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Women and Violence in the Hebrew Bible

Stories about men’s violence against Israelite women in the Hebrew Bible aim to signal a system gone awry, but women are not helpless victims or exempted from using violence to protect themselves or their people.

Jan van Dornicke

Although the Hebrew Bible does not typically present women as helpless victims (it has very few damsels in distress waiting for a man to rescue them), it recognizes violent treatment of women as a sign of a system gone awry, odious acts that merit bloody vengeance. Thus, Dinah’s brothers kill the entire male population of a town because the town’s leader had raped their sister (Gen 34:2). Absalom kills his half-brother Amnon, who had raped Tamar, Absalom’s sister (2Sam 13:32). With the exception of Tamar, we never “hear” the anguish of the women. In her case we learn that she unsuccessfully attempted to stop the violence.

Deut 22:25-27 requires a man’s death for having sex with another’s betrothed woman in the field. The woman is not culpable “because this case is like that of someone who attacks and murders a neighbor” (Deut 22:26)—that is, the woman presumably could not defend herself and because of the location there was no one to come to her aid. But when the intercourse happens in the town, both the woman and the man must die (Deut 22:23-24). As these cases show, location and the honor of men are key factors, but the laws nonetheless respond to (potential) violence against women.

Two stories in the Hebrew Bible suggest that violence against women is more tolerable than violence against men. In both Gen 19 and Judg 19, a host volunteers to throw the women of the house out to an assaulting mob in order to protect a male visitor. These two households are hardly considered exemplary by the texts’ authors, which may suggest some criticism of readiness to sacrifice women. The episode in Judg 19 leads to the rape and death of the male visitor’s concubine, triggering a civil war. The story ends with the sanctioned kidnapping of women to provide wives for the decimated tribe of Benjamin.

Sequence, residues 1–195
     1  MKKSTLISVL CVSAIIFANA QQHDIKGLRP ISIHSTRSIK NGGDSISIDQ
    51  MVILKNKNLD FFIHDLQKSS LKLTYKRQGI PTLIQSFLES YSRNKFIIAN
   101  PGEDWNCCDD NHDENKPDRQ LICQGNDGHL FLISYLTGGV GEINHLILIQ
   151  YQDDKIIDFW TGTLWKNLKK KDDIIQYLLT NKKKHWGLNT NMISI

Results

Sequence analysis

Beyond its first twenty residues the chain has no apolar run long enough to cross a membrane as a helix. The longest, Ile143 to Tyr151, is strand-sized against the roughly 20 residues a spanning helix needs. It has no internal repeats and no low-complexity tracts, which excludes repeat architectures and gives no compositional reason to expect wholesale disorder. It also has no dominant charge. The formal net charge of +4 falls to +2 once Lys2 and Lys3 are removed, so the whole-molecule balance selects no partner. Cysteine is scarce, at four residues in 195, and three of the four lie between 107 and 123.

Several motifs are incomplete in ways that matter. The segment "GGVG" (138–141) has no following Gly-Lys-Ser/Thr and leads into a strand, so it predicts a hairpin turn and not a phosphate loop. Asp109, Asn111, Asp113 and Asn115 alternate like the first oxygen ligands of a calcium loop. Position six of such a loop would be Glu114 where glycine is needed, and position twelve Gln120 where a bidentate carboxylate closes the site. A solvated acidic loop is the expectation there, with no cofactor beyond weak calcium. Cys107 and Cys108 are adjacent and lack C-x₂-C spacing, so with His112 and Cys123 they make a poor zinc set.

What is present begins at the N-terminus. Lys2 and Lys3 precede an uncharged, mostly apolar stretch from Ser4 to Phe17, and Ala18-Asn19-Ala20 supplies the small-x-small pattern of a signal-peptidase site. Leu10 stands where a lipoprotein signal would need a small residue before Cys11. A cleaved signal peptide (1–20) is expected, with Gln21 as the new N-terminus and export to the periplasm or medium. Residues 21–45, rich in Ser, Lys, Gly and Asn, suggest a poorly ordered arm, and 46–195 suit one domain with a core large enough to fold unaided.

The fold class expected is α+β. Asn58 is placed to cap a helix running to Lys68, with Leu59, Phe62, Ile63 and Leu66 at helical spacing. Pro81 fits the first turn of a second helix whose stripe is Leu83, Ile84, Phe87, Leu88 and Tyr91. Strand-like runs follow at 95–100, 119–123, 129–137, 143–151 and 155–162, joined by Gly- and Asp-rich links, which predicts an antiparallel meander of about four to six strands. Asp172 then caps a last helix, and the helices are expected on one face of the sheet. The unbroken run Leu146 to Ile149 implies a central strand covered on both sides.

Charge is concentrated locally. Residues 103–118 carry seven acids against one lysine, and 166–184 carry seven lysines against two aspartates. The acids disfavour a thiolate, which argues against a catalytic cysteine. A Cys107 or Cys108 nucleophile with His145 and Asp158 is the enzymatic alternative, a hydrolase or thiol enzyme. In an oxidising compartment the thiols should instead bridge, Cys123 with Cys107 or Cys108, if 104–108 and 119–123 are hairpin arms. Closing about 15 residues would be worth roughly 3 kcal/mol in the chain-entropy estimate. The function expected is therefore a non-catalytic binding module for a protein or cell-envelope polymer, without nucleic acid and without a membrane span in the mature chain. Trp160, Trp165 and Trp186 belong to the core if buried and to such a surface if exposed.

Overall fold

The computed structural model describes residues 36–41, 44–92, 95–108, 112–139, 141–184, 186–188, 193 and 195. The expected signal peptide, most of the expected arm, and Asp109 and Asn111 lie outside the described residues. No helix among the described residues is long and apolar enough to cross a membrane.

Foreign women do not usually receive special protection. In Num 31, Moses orders the execution of all female Midianite war captives who have “known a man.” Those still virgins, however, are divided among the soldiers and the rest of Israel. However, Deut 21:10-14 requires a man who has captured a (presumably foreign) woman in war to give her a month to mourn for her parents before having sex with her, and if he does not wish to keep her as a concubine, he must set her free (Deut 21:14).

Prophetic passages such as Hos 2 and Ezek 16 give divine sanction to violence against women when they personify Israel and Judah as adulterous women, whom God will punish; though Isaiah 40 and 54 promise redepmpion to Jerusalem as a bereaved woman, highlighting female vulnerability in times of war. And on rare but memorable occasions, women even perpetrate violence. An unnamed woman throws a grinding stone on Abimelech, who commands his armor-bearer to strike the fatal blow so as not to die at the hands of a woman (Judg 9:51-54). A “wise woman” saves the town of Abel Beth-maacah from destruction by arranging to deliver the head of the wanted man whom the city’s besiegers seek (2Sam 20:14-22). The most famous biblical woman who acts violently is Jael, a non-Israelite who, with a tent peg, kills Sisera, the general of Israel’s enemy (Judg 4:17-22).

  • Tamara Cohn Eskenazi

    Tamara Cohn Eskenazi is professor of Bible at Hebrew Union College-Jewish Institute of Religion in Los Angeles. Dr. Eskenazi is editor-in-chief of The Torah: A Women’s Commentary, winner of the 2008 Jewish Book of the Year Award, and co-author (with T. Frymer-Kensky) of the JPS Bible Commentary: Ruth, winner of the Jewish Book Council Award in Women’s Studies in 2012. She is completing the Anchor Bible commentary on Ezra-Nehemiah.